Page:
Changjiang Daily Financial Media May 4 hearing last month as they tied for first author made a “natural”, in recent years, the Chinese Academy of Sciences Wuhan virus after 80 young researchers Zhou Peng has been in the “natural”, “American Academy of Sciences ”And other international authoritative magazines published 28 papers, becoming academic stars. In an interview with reporters recently, he introduced that young scientists do not rely on genius to hold, but rely on “super confident”.
It is understood that Zhou Peng is the pioneer of global bat immune system research. “Bats carry viruses but do not get sick. They have not been researched by scientists before, and certainly have specificity different from other species, but this is like you know the beginning and Ending without knowing how the story happened. “ After more than 10 years of research, Zhou Peng discovered that an antiviral immune channel called “interferon gene-stimulating protein-interferon” in the bat’s body was inhibited, so that the bat could just resist the disease without triggering a strong immune response. The results were published in Cells, Hosts and Microorganisms, which aroused the attention of the academic community.
Zhou Peng, a student of undergraduate bioengineering, experienced SARS (Severe Acute Respiratory Syndrome) in his junior year, which made him interested in the virus: “A small virus makes the world mess.” He was admitted to the Wuhan Institute of Virology of the Chinese Academy of Sciences at the postgraduate level, and studied under Shi Zhengli, a bat expert. Focusing on the virus carried by the bat, then I was wondering if the bat’s immune system is special. “
After graduating from the PhD, he entered the Australian Animal Health Laboratory and became the first person in the global bat immunity research. “I went through 4 years of trial and error, groped in the dark, and hit the South Wall numerous times. I still remember a ‘darkest moment’ ‘In the local cold winter, I was holding the frostbite knee, sitting at the beach, and asking myself why this was the case.’
He began to learn Australian jokes and inspired himself. In 2016, during postdoctoral studies at Duke University-National University of Singapore Medical School, he was concerned that a certain interferon in bats is always maintained at a high level. This paper became the cover article of the Proceedings of the National Academy of Sciences, “Bat Immunity “This door was opened, and more and more people in the world are paying attention to this field.” Our generation, when we were in college, watched “The Forrest Gump” and “Redemption of Shawshank” and taught us stupidity and perseverance. I I feel like I am carrying a sword and rushing forward. “
After returning to China in 2016, Zhou Peng returned to his alma mater to become a little-known young researcher. “In the long run, bats carry the virus without getting sick. It is hoped that humans can learn how to fight the virus, but this is still far from industrialization. Far, the road ahead is long, and we must remain ‘super confident’ and continue to move forward. “(Reporter Li Jia correspondent Chen teased Li Li intern Luo Yameng)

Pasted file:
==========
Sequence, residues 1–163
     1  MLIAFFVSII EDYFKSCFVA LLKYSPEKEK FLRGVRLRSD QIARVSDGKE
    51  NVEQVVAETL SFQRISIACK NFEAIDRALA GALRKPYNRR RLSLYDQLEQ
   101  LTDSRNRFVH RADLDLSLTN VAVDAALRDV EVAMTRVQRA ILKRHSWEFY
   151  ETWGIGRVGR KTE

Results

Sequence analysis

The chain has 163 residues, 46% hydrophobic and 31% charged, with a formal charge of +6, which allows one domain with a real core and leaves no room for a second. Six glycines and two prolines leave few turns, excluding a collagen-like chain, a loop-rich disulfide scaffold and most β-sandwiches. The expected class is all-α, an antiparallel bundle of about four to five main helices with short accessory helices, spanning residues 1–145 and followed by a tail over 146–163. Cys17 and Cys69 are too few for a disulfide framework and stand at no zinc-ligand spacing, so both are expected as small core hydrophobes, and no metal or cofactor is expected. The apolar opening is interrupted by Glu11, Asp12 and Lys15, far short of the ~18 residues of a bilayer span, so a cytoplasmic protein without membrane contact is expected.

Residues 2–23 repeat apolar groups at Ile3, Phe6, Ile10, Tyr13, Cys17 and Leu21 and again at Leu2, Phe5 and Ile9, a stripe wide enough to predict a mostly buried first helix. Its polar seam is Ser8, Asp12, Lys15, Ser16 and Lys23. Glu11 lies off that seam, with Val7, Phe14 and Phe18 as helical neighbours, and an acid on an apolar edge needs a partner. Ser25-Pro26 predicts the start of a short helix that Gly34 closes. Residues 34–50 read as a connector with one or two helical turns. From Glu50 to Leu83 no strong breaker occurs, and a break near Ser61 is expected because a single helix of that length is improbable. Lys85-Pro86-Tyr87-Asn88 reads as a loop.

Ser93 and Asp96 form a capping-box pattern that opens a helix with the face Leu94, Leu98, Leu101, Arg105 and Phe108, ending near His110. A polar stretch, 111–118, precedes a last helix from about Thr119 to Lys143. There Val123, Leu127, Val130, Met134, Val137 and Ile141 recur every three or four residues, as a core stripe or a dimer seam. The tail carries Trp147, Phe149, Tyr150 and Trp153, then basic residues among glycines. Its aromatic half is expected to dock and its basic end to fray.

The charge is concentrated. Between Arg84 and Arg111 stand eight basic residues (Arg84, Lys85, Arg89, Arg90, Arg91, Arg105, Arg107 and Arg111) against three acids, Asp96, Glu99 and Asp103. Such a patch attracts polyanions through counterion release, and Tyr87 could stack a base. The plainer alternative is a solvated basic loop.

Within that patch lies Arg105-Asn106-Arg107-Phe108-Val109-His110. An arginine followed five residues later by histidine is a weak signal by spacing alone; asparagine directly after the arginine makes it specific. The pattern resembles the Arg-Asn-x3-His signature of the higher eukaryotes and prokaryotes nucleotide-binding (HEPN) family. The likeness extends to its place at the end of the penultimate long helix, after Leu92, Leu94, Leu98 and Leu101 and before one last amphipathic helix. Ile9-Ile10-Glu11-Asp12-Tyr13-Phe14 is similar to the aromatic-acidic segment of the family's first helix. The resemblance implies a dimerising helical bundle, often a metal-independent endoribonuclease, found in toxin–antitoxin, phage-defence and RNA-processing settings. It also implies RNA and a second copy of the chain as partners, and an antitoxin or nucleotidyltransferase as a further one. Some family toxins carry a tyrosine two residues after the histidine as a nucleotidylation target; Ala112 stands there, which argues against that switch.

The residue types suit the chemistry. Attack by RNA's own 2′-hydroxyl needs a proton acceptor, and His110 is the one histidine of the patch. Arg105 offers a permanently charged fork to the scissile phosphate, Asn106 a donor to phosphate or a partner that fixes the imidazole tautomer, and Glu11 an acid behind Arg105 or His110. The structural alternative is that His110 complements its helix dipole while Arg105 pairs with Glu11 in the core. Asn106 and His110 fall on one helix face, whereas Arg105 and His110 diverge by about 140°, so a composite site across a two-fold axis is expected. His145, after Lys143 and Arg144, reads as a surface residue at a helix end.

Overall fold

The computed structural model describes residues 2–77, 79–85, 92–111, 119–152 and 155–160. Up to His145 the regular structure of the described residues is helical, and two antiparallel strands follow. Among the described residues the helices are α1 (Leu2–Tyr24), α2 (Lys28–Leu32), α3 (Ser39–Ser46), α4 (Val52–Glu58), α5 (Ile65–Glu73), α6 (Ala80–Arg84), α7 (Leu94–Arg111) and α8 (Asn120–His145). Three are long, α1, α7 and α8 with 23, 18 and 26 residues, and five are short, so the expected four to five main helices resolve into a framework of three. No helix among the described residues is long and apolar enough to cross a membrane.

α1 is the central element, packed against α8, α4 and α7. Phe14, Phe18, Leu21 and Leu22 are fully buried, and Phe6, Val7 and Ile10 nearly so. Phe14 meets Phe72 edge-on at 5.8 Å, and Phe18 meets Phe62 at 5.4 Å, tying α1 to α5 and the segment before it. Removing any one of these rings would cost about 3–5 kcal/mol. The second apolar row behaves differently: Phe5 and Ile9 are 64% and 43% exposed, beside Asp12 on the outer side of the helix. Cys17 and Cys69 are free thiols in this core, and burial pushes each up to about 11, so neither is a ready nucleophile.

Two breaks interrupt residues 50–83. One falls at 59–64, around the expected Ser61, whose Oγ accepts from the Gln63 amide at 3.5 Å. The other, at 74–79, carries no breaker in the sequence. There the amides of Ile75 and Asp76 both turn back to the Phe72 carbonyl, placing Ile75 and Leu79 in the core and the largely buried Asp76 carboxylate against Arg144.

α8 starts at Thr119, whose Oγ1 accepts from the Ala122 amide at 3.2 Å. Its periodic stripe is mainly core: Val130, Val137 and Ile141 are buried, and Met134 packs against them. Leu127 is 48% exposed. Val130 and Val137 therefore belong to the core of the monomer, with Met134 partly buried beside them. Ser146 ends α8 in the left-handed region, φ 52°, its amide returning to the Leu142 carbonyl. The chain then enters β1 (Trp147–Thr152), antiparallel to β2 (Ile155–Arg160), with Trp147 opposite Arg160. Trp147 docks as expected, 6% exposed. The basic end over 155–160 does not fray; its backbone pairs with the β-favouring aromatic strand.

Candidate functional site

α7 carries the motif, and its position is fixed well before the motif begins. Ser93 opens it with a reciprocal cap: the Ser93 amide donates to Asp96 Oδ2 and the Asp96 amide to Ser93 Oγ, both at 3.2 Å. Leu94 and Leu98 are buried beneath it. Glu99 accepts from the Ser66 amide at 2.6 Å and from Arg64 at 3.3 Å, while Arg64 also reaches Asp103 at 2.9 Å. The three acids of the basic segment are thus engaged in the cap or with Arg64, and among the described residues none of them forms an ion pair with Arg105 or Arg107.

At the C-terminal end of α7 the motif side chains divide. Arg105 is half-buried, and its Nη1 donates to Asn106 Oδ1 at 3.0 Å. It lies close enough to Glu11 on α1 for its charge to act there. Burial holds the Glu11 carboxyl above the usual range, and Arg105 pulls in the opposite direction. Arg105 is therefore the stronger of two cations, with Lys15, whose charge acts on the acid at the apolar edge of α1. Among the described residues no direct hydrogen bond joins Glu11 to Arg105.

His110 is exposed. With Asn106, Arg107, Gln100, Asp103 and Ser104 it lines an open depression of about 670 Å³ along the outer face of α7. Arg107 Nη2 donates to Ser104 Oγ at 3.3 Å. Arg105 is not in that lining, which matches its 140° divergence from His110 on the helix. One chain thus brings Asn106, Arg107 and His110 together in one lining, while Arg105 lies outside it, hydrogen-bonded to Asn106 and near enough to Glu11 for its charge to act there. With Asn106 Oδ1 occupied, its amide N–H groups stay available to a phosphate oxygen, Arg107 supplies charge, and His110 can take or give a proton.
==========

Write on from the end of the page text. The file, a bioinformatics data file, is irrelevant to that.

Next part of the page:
His bio (source):
Peng Zhou, Ph.D., researcher, team leader of bat virus infection and immunity. He successively obtained bachelor’s and doctoral degrees from Henan University (2004) and Wuhan Institute of Virology, Chinese Academy of Sciences (2010). During his doctorate, he was sent to the Australian Animal Health Laboratory for study. He then carried out research work at Duke-Nus Medical College in Australia and Singapore. He has long been engaged in the research of new virus epidemiology and bat antiviral immunity, revealing that bats carry SARS, MERS, and Ebola for a long time but do not have their own immune mechanisms.
Currently he is hosting and undertaking 3 projects of the National Natural Science Foundation of China, and the Chinese Academy of Sciences Special project and a major national science and technology project – a major project for the prevention and control of infectious diseases. Currently published 28 SCI papers, including Nature, Cell Host Microbe, PNAS and other articles SCI papers, including Nature, Cell Host Microbe, PNAS and other articles published by the first or corresponding author. It is at the forefront of the world in the field of bat and virus research.
So to summarize:
- One of China’s top virology and immunology experts was and still works at China’s top-rated biohazard lab, the Wuhan Institute of Virology, which some have affectionately called the real Umbrella Corp.
- Since 2009, Peng has been the leading Chinese scientist researching the immune mechanism of bats carrying and transmitting lethal viruses in the world.
- His primary field of study is researching how and why bats can be infected with some of the most nightmarish viruses in the world including Ebola, SARS and Coronavirus, and not get sick.
- He was genetically engineering various immune pathways (such as the STING pathway in bats) to make the bats more or less susceptible to infection, in the process potentially creating a super-resistant bug.
- As part of his studies, Peng also researched mutant Coronavirus strains that overcame the natural immunity of some bats; these are “superbug” Coronavirus strains, which are not resistant to any natural immune pathway, and now appear to be out in the world.
- As of mid-November, his lab was actively hiring inexperienced post-docs to help conduct his research into super-Coronaviruses and bat infections.
- Peng’s work on virology and bat immunology has received support from the National “You Qing” Fund, the pilot project of the Chinese Academy of Sciences, and the major project of the Ministry of Science and Technology.